Then I remembered the time I was coming home for Christmas break college with all my dirty laundry and my hamster who got loose from his box and lived in my car for the better part of 6 months. Shut up, I'm serious. I left him food and water at regular intervals and finally found him when the weather got warm and he was sick of being in the hot car. Once I was able to capture him, I set him free because I figured he'd never be happy living in a cage after having free reign of my exhaust manifold for that long. I tell you this only because after I checked my trunk for rotting food, I was sure something had crawled into the pipes and died.
While I examined the contents of my car (which were now strewn across the driveway), I figured I'd put some things back in the garage. I picked up the mesh beach toy bag and then I knew. At the bottom of the bag were several sets of slipper shells that appeared to have been neatly stacked upon one another when placed into the bag alive. And who, in death, had come to emit the stankiest stank ever achieved by such little limpets.
Tuesday, August 21, 2007
I was relieved because she didn't deserve to be charged, and the grand jury agreed. I was filled with sadness because the haunted, bruised face in the photograph is the face of a woman who has taken a life. And had I been in her position, I may have done the exact same thing.
I couldn't help having a feeling of sickly triumph that for once, just once, the victim survived, and the abuser lay dead. My head tells me this is morbid, and wrong, but my heart rejoices. She survived. She lives.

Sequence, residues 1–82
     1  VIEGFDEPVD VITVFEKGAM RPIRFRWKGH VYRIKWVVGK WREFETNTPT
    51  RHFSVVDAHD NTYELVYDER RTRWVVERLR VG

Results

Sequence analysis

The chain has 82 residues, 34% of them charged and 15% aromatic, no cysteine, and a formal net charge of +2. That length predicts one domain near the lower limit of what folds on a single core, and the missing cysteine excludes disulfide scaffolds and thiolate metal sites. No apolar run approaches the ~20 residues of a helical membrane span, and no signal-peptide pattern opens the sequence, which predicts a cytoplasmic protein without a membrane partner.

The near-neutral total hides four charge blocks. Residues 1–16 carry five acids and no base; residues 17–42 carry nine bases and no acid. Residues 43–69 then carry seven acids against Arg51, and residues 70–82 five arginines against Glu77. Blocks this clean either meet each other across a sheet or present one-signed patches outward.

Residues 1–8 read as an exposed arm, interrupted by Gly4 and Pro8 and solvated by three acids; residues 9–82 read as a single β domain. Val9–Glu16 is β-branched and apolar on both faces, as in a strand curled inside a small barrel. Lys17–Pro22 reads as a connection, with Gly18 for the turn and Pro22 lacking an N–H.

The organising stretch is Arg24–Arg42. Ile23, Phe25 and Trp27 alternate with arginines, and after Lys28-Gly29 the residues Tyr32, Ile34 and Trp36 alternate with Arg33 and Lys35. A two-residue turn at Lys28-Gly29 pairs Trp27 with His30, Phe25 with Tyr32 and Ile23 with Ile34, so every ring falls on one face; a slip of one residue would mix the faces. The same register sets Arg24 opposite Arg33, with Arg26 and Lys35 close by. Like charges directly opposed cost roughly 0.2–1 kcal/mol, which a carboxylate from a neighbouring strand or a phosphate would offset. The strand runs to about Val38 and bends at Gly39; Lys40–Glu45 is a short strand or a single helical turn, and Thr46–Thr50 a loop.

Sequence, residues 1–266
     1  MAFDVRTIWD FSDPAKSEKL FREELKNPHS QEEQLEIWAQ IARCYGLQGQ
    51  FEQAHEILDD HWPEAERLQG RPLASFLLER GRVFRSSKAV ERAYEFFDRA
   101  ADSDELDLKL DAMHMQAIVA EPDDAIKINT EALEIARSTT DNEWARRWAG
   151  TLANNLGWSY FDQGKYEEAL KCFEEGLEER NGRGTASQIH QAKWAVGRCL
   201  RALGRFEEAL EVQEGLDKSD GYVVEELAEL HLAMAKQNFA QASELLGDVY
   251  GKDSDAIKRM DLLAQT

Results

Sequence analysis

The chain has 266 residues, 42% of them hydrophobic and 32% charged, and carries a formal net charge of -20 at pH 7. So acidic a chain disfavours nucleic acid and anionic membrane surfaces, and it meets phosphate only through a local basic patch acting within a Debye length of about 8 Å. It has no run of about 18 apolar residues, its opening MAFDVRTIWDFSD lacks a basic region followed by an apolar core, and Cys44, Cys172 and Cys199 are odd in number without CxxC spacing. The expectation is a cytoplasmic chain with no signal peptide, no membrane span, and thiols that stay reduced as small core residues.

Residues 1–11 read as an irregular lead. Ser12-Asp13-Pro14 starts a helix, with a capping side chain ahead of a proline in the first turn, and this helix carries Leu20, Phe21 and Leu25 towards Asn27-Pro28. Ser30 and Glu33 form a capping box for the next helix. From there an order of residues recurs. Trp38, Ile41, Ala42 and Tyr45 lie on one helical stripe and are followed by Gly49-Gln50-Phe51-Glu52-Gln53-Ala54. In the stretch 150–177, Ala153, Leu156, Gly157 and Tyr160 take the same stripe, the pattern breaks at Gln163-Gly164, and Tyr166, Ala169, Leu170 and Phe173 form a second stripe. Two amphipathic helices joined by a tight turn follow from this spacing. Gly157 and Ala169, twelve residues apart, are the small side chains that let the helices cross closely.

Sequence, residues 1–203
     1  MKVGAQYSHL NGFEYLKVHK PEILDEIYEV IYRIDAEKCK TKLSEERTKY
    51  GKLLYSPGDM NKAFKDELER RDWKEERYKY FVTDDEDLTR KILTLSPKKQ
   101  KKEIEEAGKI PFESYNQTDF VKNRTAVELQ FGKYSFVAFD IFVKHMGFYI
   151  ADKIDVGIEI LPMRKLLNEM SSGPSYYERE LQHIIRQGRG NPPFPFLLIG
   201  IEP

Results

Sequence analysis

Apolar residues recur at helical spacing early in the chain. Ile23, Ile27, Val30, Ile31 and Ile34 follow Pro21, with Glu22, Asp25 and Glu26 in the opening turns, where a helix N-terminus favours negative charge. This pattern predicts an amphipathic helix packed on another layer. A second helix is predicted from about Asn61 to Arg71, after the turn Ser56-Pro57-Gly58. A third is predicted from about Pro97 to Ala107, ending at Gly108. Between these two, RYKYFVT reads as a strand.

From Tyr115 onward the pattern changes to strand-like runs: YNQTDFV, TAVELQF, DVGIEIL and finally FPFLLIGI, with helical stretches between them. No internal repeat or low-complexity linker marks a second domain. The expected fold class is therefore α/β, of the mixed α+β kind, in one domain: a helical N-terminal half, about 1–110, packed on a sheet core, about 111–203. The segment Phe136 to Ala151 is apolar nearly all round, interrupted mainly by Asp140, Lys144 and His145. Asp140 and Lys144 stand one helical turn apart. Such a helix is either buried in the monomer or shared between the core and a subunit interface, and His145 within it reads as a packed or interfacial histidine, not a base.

My heart goes out to her. I hope she is able to heal herself, the way she has healed so many others. I hope she will give herself the respect and care she gives to her patients. I hope she knows she deserves that respect and care. I hope she knows she didn't deserve the abuse she suffered for twenty years. No one ever, ever does.
How many of us have ever been in absolute terror of our lives? Too many, I have to tell you. I know, because I have spoken with some of them. Women and men, in straight and gay relationships. From all walks of life. Lawyers, homemakers, artists, business people, teachers, students, ministers, social workers. And some poor souls whose abusers were police officers.
While I lived in Philadelphia, I worked as a volunteer as a hot-line counselor for victims of abuse. Specifically, domestic and substance abuse. Over the course of five years, I spoke with hundreds of women while working a 24-hour hot-line. I was part of a truly amazing group of dedicated women. We went through some pretty heavy training before we were left on our own to try to do what we could to help women help themselves. Sometimes by just being an ear for frustration, sometimes by finding short term solutions to immediately dangerous situations.
The cycle starts almost invisibly. For a while things are glorious. Then tension begins, and builds, and then there is a harsh word, an insult. Then there is a gracious apology, tears, remorse. You forgive and forget, mostly. Until the next time it happens. This time, after the tears and apologies, you think, that was pretty bad, but it's over. I'm so glad it's over, you think. Maybe I shouldn't have...maybe I should have...and you begin to doubt yourself.
Then it happens again. And again. Then one day, in place of an insult, a threat. Then the next time, perhaps with the threat, something breaks. A vase, or a favorite knick knack. The next time, a slap in the face. Each time, you see, is rehearsal for the next. How far can it go? Eventually, the things that get broken are limbs. Finally, the person who dies is the victim.